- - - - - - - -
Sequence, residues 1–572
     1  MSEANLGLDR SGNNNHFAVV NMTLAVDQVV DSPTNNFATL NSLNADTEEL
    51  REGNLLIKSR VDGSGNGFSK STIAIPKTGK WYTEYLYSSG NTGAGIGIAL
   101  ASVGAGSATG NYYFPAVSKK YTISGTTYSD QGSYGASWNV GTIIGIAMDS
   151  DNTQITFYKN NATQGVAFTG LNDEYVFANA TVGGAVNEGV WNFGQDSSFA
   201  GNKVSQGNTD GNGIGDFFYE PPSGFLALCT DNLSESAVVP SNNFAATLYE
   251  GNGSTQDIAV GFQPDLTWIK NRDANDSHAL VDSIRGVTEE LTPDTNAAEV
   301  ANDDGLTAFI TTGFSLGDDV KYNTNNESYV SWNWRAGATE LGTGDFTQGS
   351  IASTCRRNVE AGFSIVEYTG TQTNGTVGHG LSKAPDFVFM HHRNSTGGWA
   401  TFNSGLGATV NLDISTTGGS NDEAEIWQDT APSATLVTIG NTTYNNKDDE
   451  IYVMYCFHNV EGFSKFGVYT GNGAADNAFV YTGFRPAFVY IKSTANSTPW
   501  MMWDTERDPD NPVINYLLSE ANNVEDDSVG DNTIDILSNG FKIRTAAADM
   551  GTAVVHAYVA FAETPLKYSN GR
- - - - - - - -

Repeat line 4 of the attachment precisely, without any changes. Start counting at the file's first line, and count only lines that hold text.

   101  ASVGAGSATG NYYFPAVSKK YTISGTTYSD QGSYGASWNV GTIIGIAMDS